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Participation rates of under-two-year-olds in out-of-home group-based early childhood services have risen markedly in Aotearoa New Zealand where attendance at education and care settings for this age group grew by 36% between 2000 and 2009 (Dalli, White, Rockel & Dunn, 2011). Dalli and colleagues (2011) reinforce the understanding that outcomes for the youngest children in education and care services are highly dependent on the implementation of quality practices, many of which relate to the teaching practices of the teachers. There is an increasing urgency for research in relation to quality teaching practices for infant and toddlers who attend education and care services. This was affirmed in the very recent release (June, 2015) of the ERO report “Infants and toddlers: competent and confident communicators and explorers” which highlighted significant concerns about the quality of practice for this most vulnerable age group, in particular the role of teaching practices to support learning, beyond the traditional attendance to relationships, well-being and belonging. The purpose of this study is to identity andexamine teaching practices that promote the learning and social-emotional competence of infants and toddlers in early childhood settings, and thereby develop a stakeholder-validated list of infant and toddler teaching practices within a project-developed organizing framework. This project extends the “Examining Teaching Practices to Promote Children’s Learning and Social Emotional Competence in Early Childhood - 3-5 years” project. Working with Dr Tara McLaughlin.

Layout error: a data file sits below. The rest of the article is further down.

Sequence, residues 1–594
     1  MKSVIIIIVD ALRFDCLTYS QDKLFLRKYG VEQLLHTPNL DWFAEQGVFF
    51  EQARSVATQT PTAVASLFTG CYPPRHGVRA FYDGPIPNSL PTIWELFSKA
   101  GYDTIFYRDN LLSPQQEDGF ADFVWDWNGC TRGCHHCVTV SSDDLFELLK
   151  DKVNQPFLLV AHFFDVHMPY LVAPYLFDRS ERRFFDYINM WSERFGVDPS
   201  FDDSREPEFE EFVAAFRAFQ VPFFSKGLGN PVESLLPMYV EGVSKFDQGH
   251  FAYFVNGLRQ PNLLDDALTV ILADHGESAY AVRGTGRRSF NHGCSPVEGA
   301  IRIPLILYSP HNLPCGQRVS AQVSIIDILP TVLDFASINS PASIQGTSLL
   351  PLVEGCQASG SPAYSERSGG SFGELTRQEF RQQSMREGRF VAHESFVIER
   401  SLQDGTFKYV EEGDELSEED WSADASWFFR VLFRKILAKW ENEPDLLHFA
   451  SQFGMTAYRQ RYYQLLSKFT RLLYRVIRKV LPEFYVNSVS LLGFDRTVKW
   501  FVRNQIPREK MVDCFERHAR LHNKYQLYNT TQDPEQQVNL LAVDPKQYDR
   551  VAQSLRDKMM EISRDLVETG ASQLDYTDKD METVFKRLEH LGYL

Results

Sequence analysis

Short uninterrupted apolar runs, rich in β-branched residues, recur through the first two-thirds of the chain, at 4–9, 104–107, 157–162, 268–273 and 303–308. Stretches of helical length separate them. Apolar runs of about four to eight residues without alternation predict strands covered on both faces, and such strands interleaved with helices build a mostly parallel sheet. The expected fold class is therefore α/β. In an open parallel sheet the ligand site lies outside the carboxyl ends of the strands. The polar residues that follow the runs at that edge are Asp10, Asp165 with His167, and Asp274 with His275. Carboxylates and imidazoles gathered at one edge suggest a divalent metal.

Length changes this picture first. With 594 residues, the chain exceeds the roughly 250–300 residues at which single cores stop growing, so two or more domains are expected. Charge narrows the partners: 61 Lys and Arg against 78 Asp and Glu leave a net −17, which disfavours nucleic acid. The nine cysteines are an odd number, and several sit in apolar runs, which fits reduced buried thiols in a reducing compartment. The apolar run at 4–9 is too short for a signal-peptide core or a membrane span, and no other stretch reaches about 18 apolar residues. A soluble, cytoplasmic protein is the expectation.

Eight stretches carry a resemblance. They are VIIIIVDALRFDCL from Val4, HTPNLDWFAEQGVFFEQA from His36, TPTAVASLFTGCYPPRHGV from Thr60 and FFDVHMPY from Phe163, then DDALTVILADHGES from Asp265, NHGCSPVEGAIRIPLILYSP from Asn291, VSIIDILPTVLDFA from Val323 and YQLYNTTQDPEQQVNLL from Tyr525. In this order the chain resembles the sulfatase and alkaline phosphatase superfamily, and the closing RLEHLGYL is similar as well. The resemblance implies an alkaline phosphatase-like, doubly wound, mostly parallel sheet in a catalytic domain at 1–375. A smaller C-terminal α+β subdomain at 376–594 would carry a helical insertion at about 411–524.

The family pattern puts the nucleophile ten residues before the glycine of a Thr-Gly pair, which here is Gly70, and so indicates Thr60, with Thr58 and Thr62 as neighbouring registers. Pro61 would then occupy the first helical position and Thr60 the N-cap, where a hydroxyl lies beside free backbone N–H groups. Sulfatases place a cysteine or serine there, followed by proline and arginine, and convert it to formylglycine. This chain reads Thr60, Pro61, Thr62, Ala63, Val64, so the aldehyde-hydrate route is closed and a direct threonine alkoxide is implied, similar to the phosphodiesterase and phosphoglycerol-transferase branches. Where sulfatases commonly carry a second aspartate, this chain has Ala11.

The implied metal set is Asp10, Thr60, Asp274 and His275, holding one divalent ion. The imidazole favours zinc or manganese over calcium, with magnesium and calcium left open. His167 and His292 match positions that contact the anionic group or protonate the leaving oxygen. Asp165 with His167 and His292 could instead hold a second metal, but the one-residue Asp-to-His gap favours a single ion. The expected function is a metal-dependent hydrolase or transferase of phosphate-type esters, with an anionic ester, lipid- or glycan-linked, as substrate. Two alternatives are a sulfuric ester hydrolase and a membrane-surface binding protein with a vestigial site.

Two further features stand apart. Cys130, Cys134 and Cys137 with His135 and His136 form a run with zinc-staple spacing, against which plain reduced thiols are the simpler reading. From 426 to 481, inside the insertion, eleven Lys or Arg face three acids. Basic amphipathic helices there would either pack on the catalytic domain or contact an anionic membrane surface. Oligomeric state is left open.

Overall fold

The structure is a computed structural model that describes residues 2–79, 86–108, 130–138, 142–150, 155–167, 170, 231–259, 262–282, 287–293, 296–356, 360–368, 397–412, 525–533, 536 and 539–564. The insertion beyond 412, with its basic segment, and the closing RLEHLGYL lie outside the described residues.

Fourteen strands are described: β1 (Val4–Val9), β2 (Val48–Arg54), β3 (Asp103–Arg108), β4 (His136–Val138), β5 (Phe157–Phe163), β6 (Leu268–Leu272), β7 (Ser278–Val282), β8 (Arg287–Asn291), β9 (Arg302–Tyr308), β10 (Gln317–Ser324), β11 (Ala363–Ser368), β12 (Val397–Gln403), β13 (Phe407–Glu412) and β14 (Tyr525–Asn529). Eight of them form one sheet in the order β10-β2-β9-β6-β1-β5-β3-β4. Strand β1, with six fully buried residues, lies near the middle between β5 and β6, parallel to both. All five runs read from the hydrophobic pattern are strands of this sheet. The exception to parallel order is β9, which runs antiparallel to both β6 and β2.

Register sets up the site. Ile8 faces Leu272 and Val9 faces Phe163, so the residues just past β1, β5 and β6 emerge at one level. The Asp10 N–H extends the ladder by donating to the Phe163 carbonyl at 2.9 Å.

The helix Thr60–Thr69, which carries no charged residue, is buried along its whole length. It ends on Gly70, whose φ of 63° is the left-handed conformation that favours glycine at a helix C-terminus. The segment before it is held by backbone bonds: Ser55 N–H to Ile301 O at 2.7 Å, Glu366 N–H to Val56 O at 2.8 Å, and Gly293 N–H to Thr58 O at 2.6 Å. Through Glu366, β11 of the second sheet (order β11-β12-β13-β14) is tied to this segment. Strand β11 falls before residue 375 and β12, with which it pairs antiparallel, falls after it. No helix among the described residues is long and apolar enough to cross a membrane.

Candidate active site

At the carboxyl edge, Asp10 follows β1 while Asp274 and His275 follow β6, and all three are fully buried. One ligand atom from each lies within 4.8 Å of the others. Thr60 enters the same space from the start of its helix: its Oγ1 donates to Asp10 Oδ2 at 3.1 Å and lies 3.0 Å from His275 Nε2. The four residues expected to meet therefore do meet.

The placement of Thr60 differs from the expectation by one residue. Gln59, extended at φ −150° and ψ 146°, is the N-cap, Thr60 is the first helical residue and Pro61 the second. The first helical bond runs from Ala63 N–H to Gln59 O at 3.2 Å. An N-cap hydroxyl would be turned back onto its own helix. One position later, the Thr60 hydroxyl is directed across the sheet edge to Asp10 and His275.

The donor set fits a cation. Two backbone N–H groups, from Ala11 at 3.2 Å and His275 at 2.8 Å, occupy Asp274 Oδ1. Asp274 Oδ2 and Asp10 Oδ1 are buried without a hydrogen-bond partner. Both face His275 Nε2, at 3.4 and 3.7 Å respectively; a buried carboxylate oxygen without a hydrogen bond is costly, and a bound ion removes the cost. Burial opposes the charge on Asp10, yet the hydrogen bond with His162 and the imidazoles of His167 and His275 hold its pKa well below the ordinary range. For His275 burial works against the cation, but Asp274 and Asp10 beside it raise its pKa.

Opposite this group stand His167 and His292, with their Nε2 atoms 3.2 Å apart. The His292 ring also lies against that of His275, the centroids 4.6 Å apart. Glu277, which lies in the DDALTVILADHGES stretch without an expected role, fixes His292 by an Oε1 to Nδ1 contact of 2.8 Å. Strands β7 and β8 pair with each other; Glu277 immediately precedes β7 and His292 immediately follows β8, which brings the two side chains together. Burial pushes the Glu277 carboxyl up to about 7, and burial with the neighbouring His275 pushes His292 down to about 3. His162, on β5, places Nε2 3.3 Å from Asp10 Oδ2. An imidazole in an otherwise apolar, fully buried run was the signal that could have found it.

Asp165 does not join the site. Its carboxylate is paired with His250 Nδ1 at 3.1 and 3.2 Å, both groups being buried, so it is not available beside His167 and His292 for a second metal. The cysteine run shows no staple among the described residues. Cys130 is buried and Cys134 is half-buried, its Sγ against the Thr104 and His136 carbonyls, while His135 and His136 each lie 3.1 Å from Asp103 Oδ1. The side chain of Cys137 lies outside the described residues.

Dr Karyn Aspden
Dr Tara McLaughlin
Page authorised by Director, Institute of Education
Last updated on Tuesday 16 August 2016